Sejdiu, attending a ceremonial tree-lighting ceremony this week in the provincial capital, said Kosovo was "only a few days away" from a declaration of independence.
The Kosovo leader has refused to pinpoint a date, and says he will only proceed in coordination with Western supporters.
On other matters, however, he has been crystal clear. No more negotiations -- no matter the consequences. The December 10 deadline set by the United Nations for resolving Kosovo's status has come and gone, and Pristina has firmly rejected any further dialogue on the issue with Serbia.
"Kosovo won't accept additional talks," Sejdiu told RFE/RL. Belgrade and its supporters in Moscow and some EU capitals may balk, he added, but for Kosovo, "the process is over."
"We won't be hostage to any country with a different view on this issue," Sejdiu said. "Let's take Greek Cyprus, for example, which has claimed it won't support Kosovo's independence. I think it will come to a rational resolution; Cyprus will remember that it is acting as just one part of an important group of countries that serves as the motor behind all developments in Europe. But if it [Cyprus] insists on maintaining its current position, we can't be hampered by it."
Cyprus, which has failed to resolve a dispute between its own dominant Greek majority and Turkish minority, is believed to be the last EU member to be openly skeptical of independence for Kosovo. EU diplomats, however, believe Cyprus will limit its dissent.
New Year, New Country?
Kosovo officials have strongly hinted that an independence declaration will come in the first few months of 2008.
The 56-year-old Sejdiu, who has served as Kosovo's president since early 2006, says the declaration will come once the ethnic-Albanian majority province has fully prepared its legislation and governing structures for the change.
He is also waiting for the results of next week's meeting of the United Nations Security Council, which is due to discuss a report on the status issue by negotiators from the EU, Russia, and the United States.
"All the preparations we're making now are connected to the tasks Kosovo has to accomplish related to its constitutional and legal infrastructure," Sejdiu said. "The issue, of course, is also connected to the general will of the international community to quickly and positively recognize Kosovo's independence. We think there will be more dynamic developments, in terms of Security Council recommendations, after it meets on December 19th."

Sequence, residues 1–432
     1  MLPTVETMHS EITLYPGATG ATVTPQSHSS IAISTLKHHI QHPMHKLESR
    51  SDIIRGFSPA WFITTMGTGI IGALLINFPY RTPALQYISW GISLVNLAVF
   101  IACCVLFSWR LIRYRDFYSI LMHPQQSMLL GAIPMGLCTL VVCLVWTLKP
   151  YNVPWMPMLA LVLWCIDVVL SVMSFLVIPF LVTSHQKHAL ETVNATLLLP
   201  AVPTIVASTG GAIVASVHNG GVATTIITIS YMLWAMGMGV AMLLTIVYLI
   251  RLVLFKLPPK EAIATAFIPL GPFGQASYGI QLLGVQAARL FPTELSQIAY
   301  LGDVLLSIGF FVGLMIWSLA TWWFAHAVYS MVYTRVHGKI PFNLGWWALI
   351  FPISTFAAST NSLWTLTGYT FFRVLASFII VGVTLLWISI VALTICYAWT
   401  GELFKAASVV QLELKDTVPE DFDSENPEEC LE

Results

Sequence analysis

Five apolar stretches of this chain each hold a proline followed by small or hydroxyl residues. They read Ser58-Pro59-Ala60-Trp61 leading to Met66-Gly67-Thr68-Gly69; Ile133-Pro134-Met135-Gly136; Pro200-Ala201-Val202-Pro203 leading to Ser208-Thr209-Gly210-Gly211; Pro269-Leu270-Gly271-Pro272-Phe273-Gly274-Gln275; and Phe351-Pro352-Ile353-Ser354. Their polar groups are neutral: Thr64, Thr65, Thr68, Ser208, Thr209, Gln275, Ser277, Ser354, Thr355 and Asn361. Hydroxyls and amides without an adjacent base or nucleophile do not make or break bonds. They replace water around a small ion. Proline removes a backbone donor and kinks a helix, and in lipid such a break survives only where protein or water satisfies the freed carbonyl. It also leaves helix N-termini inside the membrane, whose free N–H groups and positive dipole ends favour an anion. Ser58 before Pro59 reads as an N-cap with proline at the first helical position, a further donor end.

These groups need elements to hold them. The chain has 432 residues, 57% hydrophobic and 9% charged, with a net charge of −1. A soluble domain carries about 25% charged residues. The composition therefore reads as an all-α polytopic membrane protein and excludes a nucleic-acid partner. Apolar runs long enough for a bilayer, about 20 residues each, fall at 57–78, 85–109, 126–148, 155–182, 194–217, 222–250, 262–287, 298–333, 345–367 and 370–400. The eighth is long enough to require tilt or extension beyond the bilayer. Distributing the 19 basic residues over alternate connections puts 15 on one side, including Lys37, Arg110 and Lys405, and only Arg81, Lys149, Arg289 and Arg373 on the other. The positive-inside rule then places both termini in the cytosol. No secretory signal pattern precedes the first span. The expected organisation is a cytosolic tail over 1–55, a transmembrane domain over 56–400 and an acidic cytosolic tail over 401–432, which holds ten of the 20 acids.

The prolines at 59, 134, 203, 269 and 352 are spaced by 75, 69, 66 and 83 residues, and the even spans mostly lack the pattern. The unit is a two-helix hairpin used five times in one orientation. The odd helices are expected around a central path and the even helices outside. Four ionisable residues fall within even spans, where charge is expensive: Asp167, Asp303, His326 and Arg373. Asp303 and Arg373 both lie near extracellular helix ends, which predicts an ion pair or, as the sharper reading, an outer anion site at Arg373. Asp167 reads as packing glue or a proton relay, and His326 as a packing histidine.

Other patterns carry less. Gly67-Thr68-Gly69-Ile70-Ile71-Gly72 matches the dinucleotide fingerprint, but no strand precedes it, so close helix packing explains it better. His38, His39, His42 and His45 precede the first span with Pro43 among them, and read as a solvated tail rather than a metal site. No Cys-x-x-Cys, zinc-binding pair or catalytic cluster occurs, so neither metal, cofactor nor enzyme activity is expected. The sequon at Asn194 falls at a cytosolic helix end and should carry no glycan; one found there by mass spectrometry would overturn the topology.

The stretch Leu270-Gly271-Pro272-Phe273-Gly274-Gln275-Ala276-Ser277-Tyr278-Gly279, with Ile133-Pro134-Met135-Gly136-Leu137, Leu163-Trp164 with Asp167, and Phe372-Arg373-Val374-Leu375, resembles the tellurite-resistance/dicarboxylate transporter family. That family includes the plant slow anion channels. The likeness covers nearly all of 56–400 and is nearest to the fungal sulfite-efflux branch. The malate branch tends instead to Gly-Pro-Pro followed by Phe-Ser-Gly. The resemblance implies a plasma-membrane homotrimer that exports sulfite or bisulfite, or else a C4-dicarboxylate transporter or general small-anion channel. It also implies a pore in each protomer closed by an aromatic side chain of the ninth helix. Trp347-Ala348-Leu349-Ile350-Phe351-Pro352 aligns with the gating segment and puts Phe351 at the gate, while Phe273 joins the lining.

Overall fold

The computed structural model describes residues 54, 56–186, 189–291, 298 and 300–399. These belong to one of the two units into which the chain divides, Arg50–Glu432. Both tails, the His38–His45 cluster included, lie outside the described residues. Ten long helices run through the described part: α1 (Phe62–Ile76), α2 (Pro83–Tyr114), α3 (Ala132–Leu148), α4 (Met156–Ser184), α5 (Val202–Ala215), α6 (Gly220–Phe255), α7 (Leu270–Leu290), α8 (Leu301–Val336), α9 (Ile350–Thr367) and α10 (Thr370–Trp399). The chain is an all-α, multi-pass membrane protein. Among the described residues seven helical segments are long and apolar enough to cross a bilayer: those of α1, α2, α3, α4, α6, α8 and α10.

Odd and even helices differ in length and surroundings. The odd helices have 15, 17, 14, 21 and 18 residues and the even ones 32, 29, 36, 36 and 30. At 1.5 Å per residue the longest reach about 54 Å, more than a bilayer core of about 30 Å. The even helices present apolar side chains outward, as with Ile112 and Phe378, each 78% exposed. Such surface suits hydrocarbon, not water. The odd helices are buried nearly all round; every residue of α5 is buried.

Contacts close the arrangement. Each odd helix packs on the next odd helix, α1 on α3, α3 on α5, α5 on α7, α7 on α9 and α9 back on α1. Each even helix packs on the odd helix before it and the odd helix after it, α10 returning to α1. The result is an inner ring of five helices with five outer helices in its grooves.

Kosovo has been under UN administration since 1999, when NATO bombed Serb forces in order to end a campaign against separatist ethnic Albanians. Ninety percent of Kosovo's 2 million residents are ethnic Albanians; their drive for independence has prompted warnings from minority Serbs -- who live mainly in northern Kosovo -- that they themselves will attempt to secede.
Sejdiu concedes mending ties with Kosovo Serbs "won't be easy." "Time will be needed to encourage them. This will be the responsibility of the Albanian majority, as well as of institutions and international mechanisms," he said.
"Coordinated steps are necessary for [Kosovo Serbs] to be able to live their own lives, to come out from that feeling of self-isolation and nonintegration that is a direct consequence of pressure coming from Belgrade. The north is a part of Kosovo, a part of its complete territorial integrity; and as such, it is untouchable in the sense of legislative and international protection," Sejdiu said.
EU leaders have attempted to soften Belgrade's resistance to an independent Kosovo by indicating they are prepared, for the first time, to formally offer Serbia the prospect of candidate membership.
It's unclear if Belgrade will be mollified by such a sweetener. The EU, eager to maintain stability in the Balkans, is also offering Kosovo a "clear European perspective" -- meaning Pristina, too, will eventually be brought into membership talks.
Authorities in Belgrade have threatened to respond to a Kosovo declaration of independence with everything from economic sanctions and energy cutoffs to armed conflict.
Asked about the possible consequences for Kosovo, Sejdiu said a combination of public determination and NATO backing mean Kosovo is prepared for anything.
"Kosovo can live without the economic links it currently has with Serbia," he said. "Serbia is trying to test our sustainability; whether we'll have the alternative channels and internal forces needed to resist whatever blockade Serbia imposes. We're ready."
Sejdiu continued, "The citizens of Kosovo know that you can't put a price on independence. And if Serbia tries to use violence in Kosovo, through military or intelligence pressure, who will it have to confront? NATO forces in Kosovo have given strong guarantees that they will not allow any use of violence."
Many countries outside the Balkans are looking anxiously to the Kosovo case as a template for how their own separatist conflicts may ultimately be resolved -- or dissolve into chaos. (The EU insists Kosovo is a "sui generis" case that sets no precedent for other breakaway regions.)
Sejdu says he is certain that rumors of violence will not mar Kosovo's final steps toward Western-backed independence -- and says Kosovo citizens play a "special role" in this.
"I think all this is a part of the propaganda used by those who oppose Kosovo's independence," he said. "This is done firstly to frighten Kosovo; and secondly to frighten international players that the worst will happen. For us, it is important to maintain the current calmness, and the maturity of our citizens and institutions as well."